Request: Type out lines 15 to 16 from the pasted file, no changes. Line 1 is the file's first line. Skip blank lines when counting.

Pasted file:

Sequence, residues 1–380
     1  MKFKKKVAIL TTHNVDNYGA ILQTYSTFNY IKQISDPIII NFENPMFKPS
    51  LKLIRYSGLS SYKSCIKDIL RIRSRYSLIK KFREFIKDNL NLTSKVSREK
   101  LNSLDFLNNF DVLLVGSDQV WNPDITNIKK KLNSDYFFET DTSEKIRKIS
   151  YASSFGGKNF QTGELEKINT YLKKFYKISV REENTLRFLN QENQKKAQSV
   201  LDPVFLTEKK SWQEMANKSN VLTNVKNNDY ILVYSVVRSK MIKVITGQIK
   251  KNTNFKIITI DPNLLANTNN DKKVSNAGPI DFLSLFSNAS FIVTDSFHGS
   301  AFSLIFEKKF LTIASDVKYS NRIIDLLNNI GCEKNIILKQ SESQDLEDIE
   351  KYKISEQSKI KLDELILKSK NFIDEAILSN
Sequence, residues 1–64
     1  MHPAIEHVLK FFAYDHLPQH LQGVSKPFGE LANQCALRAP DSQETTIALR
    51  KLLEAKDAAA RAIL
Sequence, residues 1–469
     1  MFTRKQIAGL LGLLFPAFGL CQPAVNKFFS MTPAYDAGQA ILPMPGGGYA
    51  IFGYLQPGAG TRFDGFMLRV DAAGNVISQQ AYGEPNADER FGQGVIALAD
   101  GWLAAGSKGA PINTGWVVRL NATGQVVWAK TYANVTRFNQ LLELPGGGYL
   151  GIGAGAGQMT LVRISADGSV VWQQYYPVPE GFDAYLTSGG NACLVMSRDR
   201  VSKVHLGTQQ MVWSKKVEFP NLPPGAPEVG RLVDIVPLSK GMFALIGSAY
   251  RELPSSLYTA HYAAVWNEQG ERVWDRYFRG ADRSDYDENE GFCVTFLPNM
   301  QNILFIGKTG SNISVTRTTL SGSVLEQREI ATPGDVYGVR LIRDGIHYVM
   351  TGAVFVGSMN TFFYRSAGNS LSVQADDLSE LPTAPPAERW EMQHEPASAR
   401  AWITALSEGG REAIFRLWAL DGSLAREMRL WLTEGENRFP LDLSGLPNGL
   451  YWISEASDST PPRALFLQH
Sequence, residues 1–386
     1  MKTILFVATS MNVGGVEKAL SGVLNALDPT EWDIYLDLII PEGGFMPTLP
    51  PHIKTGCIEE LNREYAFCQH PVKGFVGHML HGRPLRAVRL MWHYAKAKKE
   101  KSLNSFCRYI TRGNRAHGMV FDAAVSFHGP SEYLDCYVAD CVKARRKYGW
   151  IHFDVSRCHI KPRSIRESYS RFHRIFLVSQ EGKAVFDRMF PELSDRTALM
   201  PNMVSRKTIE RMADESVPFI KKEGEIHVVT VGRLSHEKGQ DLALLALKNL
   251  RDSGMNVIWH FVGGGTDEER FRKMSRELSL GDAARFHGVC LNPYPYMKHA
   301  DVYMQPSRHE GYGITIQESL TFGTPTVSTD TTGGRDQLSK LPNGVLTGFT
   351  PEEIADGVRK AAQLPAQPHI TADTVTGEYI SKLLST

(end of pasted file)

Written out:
    51  IFGYLQPGAG TRFDGFMLRV DAAGNVISQQ AYGEPNADER FGQGVIALAD
   101  GWLAAGSKGA PINTGWVVRL NATGQVVWAK TYANVTRFNQ LLELPGGGYL